For as long as I can remember, fairy tales have been the centerpiece of my imagination. Sure, I’ve always enjoyed science fiction — in fact, one of my favorite books is still H.G. Well’s The War of the Worlds and my first novel was born out of a late night with Star Wars and I watched The Next Generation and Wrath of Khan with my mom — but princesses and castles and happily ever after had always been more of my thing.
Then, I married a Trekkie. You’d never catch him wearing Vulcan ears or hanging out in costume at a convention, but he is to Star Trek what I am to the works of Tolkien. He can give the name and plot summary of any Original Series episode before the theme song starts. He has a technical manual for the Enterprise. He owns and enjoyed the Animated Series. (If you haven’t see it, don’t even think about it. It’s painful!)
Fortunately for him, I was never opposed to Star Trek. (Good thing, too, because it would have been a deal breaker.) But I was never a fan.
That is, until he made me one.
It started slowly. We watched The Next Generation together because I hadn’t seen them all. And while some of them were downright painful, some of them were pretty good. Then we went to Deep Space Nine. Then Voyager. And somewhere in the middle of the Delta quadrant, I realized that he had converted me.
Since then, out of revenge, I’ve read him The Hobbit and The Fellowship of the Ring and now we’re part way through The Two Towers, but that doesn’t change the fact that maybe I’m kind of a Trekkie too now…
… which means that I can speak a bit more intelligently about the latest movie than I could have five years ago. So, here’s a take on it that’s as spoiler-free as I can get.
Star Trek Into Darkness
While J.J. Abrams’ version of Star Trek has had mixed reviews from Trekkies, it’s been a favorite in our house. After all, what better way to add a new twist to the franchise than using a favorite technique — the alternate universe — to give new life to its roots?
And, while the first movie distances itself from the Original Series, this one pulls itself closer, reimagining what would happen if an old villain (who will remain unnamed) resurfaced under a new set of circumstances. Iconic lines are quoted, memorable scenes relived in reverse, and we’re left with a fresh (and more action-packed) take on a villain I didn’t think that they could pull off.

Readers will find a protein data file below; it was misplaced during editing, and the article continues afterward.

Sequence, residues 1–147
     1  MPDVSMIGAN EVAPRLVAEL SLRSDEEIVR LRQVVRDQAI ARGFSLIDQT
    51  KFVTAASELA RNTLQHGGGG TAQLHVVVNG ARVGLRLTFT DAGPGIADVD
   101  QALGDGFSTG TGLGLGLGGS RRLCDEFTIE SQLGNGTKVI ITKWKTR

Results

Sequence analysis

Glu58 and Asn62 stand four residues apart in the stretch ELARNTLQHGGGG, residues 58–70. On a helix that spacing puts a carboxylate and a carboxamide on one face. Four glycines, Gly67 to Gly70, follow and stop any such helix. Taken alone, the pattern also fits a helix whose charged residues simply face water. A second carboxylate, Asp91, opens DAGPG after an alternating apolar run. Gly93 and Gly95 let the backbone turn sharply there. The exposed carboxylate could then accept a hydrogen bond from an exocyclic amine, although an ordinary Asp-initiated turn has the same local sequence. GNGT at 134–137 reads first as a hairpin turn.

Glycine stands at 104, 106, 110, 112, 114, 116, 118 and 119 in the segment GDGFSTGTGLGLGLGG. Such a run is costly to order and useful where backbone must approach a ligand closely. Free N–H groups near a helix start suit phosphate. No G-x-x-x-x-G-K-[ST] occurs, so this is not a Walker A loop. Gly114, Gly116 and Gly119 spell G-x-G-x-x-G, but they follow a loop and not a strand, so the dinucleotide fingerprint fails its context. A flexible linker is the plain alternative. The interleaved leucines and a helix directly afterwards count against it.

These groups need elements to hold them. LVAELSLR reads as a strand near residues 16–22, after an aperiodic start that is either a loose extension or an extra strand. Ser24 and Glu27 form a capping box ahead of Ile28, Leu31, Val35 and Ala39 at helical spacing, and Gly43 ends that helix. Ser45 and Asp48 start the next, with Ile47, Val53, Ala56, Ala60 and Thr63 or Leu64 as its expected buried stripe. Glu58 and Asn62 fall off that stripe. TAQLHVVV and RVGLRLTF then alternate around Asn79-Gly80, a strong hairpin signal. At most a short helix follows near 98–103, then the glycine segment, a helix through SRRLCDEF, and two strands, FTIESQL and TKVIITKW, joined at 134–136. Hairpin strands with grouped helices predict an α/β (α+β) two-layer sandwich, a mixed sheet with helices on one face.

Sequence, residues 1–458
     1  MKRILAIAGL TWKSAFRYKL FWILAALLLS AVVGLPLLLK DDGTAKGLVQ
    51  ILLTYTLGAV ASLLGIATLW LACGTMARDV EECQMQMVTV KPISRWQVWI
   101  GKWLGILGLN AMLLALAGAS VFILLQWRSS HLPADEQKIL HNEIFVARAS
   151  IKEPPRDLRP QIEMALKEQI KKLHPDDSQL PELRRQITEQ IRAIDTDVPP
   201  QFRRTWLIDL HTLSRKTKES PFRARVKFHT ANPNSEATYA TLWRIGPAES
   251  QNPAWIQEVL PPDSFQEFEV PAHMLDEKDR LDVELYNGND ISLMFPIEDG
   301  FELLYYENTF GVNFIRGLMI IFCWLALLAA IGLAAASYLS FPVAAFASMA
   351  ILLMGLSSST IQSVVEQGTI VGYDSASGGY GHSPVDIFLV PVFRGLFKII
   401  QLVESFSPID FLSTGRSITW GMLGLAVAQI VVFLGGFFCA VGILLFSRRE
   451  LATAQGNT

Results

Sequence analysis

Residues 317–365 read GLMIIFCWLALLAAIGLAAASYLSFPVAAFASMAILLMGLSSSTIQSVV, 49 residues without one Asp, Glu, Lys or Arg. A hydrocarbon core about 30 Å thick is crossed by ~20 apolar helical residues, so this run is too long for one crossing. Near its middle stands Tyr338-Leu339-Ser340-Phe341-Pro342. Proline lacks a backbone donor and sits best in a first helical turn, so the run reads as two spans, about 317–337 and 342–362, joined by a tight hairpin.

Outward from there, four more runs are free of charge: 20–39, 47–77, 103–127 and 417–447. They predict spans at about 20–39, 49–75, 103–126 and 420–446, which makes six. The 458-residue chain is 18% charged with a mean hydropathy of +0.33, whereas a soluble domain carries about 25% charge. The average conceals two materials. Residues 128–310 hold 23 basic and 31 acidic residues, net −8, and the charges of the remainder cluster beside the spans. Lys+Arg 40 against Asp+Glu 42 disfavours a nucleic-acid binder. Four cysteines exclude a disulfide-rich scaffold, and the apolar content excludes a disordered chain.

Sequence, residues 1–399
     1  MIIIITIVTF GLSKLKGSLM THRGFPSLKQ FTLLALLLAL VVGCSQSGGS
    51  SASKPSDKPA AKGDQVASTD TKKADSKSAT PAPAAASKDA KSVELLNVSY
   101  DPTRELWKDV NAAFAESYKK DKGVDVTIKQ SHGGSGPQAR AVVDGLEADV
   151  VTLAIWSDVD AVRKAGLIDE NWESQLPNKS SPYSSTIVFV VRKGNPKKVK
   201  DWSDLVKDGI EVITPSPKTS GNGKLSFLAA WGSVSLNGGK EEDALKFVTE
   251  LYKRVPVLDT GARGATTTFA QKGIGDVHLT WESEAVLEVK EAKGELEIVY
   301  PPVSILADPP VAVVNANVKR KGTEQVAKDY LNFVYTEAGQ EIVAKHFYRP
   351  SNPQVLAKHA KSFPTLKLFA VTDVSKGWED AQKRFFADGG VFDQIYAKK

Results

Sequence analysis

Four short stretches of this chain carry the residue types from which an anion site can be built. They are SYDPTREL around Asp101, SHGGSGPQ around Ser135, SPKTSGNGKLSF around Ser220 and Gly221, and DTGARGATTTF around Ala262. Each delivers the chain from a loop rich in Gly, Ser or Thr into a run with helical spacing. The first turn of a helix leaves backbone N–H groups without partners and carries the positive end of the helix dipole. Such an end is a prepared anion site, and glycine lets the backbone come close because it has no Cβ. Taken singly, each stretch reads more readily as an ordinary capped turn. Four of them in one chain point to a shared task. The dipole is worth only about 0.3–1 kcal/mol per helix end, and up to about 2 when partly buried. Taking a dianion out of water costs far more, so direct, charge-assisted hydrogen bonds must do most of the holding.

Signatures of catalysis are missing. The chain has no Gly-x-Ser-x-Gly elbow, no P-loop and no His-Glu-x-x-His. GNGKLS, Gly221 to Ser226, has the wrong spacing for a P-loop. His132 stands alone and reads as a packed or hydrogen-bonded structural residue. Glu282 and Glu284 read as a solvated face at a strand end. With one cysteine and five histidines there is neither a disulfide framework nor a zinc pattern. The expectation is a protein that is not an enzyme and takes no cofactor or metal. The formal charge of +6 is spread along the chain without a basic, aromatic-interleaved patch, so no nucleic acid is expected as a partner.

The story doesn’t go into great detail plot-wise. While that might leave those with less Star Trek knowledge wanting more, it lets the rest of the audience put the pieces together, imagine the details without being told directly what happened. And that’s something that I enjoyed because it’s a touch of the mystique that a book or an Alfred Hitchcock film have. Instead of being spoon-fed, I’m allowed to let my imagination fill in the missing details and to experience the events in the same way that Kirk, Spock, or Bones would as the story’s being told in brief to them.
It does, however, do what Star Trek has always done: deal with current issues and make social commentary. You can easily tell that it’s written in the post 9-11 world in which the question of using drone strikes against American citizens is still under debate. And that’s one of the things that keeps Star Trek a little on the edge, whether it’s an interracial kiss or what to do with a baby cloned without its biological parents’ knowledge.
The only complaint mentioned here: it’s still lacking much of the trademark technobabble. They don’t tell you if they’re going warp 5 or wrap 9. But that’s okay with me. I’m sure it’ll start making its way back in eventually. And besides, The Next Generation had more than enough to make up for it.
Needless to say, if you haven’t seen it yet, you should. If you like Star Trek, it’s a rousing return to an iconic situation. And if you don’t, then maybe it’ll be enough to start pushing you towards becoming a Trekkie too.